Results and discussion. It is common knowledge that the best way to learn a foreign language is the language immersion – and this is what the sports-specific express course offers to the students with its lexicons mastering trainings and the role games assisted by the English teachers and physical education specialists in the integrated learning formats.
At the beginner training stage, the trainees are expected to develop basic speaking skills in the subject lexicon and advance and test them in a variety of situations modeled in the education process. At the second stage, the studies are combined with the academic physical education curricula, with the lessons dominated by contests managed by the physical education teacher with assistance from the English teacher responsible for the flow of foreign communication in the lesson. Every action of the trainees would be commented and discussed in English, with everybody required to speak English only to facilitate the sport-specific terminology mastering process. Therefore, the course in fact mimics the practical sport communication environments to immerse the trainees in the purely foreign communication in the specific area. The physical education teacher’s role in such training sessions is to model as close as possible the competitive environments typical for the relevant top-ranking international events; whilst the English teacher is responsible for the terminological and lexical support and for the relevant graphical materials including, e.g. the competitive score boards, public information etc. At the third stage of the training course, the trainees would act for the team supporters to actively discuss the competitions and demonstrate their sport-specific speaking skills. Such discussions would be facilitated by the teacher or a student group leader responsible for ‘professional’ guidance of the discussion process, knowledge assessment, friendly encouragement and support.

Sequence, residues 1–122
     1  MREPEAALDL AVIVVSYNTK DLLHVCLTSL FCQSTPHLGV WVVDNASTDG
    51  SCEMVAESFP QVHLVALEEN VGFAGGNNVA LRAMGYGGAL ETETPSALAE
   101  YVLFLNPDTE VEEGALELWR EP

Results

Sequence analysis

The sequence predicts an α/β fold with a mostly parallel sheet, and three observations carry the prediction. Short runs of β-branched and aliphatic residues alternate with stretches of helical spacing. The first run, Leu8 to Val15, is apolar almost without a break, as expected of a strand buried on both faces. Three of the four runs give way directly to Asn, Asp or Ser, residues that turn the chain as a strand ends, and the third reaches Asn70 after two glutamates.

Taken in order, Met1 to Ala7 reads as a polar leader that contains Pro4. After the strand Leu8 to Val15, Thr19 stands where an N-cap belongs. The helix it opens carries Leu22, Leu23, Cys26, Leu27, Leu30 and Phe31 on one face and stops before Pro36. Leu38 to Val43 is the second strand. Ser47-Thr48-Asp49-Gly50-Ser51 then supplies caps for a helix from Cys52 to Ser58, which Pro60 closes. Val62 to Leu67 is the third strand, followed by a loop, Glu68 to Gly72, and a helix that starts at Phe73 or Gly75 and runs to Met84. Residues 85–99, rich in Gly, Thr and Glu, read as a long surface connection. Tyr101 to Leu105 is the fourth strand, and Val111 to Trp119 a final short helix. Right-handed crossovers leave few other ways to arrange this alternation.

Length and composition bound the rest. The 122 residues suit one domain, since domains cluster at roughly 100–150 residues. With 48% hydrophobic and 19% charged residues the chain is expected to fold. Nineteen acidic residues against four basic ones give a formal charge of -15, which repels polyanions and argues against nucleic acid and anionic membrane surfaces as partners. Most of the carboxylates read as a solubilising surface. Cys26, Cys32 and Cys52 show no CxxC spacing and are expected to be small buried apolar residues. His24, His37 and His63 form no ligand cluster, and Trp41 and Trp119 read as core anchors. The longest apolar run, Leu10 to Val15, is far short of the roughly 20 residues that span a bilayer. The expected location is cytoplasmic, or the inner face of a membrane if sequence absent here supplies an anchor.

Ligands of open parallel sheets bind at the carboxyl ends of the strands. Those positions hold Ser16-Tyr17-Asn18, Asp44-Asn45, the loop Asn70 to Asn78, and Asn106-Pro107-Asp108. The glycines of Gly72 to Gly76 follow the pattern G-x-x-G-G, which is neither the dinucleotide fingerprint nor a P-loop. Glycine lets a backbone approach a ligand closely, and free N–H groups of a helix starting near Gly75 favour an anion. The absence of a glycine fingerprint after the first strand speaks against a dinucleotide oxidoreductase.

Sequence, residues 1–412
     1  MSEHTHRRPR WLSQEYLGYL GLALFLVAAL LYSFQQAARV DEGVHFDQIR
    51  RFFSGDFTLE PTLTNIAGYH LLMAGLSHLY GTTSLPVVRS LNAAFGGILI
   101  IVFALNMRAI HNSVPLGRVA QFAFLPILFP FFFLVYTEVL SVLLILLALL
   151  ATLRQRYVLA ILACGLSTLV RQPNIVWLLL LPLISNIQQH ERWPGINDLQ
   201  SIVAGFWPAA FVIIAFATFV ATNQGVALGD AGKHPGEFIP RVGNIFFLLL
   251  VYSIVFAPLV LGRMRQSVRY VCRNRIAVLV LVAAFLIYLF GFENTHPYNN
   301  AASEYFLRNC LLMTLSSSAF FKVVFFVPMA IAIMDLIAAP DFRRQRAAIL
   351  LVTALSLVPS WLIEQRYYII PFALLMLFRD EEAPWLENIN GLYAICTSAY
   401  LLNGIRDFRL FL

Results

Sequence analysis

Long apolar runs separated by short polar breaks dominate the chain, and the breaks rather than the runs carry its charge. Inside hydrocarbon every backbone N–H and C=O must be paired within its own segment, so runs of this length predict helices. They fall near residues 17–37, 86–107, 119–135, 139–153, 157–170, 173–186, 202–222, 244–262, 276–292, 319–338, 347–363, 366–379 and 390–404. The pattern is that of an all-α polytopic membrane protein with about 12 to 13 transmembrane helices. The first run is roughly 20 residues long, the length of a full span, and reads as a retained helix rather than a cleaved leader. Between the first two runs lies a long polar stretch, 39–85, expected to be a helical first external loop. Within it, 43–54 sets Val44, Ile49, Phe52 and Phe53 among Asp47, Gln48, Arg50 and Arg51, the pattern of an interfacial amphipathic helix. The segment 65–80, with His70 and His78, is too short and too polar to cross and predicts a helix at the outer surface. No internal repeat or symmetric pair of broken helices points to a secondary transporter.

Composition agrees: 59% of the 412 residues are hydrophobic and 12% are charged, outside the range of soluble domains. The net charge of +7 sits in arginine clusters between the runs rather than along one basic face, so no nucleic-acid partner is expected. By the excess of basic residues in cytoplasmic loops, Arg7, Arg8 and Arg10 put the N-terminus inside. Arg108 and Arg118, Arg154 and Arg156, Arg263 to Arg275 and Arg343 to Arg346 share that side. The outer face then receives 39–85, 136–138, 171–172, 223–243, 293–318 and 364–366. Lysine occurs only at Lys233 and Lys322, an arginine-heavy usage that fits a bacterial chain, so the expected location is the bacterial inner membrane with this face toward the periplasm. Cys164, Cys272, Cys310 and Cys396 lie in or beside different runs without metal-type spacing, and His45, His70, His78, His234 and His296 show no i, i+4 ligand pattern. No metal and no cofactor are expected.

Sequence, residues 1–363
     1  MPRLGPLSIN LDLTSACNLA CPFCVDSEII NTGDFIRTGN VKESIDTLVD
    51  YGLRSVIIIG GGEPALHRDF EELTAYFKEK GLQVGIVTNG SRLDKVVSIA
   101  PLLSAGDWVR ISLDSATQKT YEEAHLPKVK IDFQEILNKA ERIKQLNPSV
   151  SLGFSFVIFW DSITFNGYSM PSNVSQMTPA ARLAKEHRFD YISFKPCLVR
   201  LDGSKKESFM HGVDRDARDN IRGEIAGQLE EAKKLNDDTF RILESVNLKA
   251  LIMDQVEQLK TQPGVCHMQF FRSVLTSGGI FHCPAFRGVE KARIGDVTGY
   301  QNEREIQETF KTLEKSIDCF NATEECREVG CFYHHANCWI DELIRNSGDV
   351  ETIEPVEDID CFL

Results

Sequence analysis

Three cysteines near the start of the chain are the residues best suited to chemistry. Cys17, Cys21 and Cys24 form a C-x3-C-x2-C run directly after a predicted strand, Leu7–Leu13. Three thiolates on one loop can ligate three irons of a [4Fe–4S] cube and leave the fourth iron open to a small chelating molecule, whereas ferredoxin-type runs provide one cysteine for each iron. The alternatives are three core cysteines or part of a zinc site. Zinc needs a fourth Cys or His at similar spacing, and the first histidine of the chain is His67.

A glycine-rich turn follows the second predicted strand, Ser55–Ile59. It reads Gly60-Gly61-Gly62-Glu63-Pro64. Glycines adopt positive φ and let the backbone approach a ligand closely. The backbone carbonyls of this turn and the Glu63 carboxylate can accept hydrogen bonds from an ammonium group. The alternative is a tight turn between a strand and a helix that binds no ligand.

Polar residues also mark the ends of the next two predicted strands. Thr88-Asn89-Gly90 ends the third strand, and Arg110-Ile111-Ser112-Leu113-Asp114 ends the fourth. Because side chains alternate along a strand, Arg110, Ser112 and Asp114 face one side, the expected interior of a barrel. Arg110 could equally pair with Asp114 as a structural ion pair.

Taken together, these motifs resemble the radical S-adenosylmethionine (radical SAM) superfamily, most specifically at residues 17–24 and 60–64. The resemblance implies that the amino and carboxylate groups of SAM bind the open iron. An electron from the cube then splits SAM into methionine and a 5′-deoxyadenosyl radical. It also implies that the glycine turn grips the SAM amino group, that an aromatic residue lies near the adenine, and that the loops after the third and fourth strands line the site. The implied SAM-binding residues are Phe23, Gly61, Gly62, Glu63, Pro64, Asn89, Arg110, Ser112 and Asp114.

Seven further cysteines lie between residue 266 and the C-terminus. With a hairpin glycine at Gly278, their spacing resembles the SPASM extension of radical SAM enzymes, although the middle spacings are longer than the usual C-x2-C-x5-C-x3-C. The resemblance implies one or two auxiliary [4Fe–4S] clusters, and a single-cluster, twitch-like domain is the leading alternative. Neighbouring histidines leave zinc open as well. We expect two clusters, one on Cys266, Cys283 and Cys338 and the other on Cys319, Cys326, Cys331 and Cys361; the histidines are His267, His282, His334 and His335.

Conclusion. The new sports-specific ‘English language for international sport event servicing’ express course has tested a range of efficient language learning and lexical scope advancing methods and tools to train the beginner volunteers for the practical service. The express course testing experiment showed its benefits as verified by the experimental group progress in the sport-specific English terminology and speaking fluency, with the progress largely facilitated by the trainees’ enthusiastic attitudes to and high motivations for the learning process.
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The study overviews the growth and challenges of the newborn sport service volunteer movement in Russia, with its progress being limited by the still poor sport-specific English speaking skills. The authors offer a new sports-specific ‘English language for international sport event servicing’ express course that was developed and piloted at I.N. Ulyanov USPU to train the school/ university students joining the sport volunteer system. The express-course offers a range of efficient learning techniques and sport-specific glossaries with a special emphasis on the standard word combinations, idiomatic expressions, online communication and other efficient tools to secure fast progress in the modern sports-specific English. The article gives practical learning recommendations and overviews benefits of the special practices to improve the bilingual skills of the future sport volunteers for success in their practical service.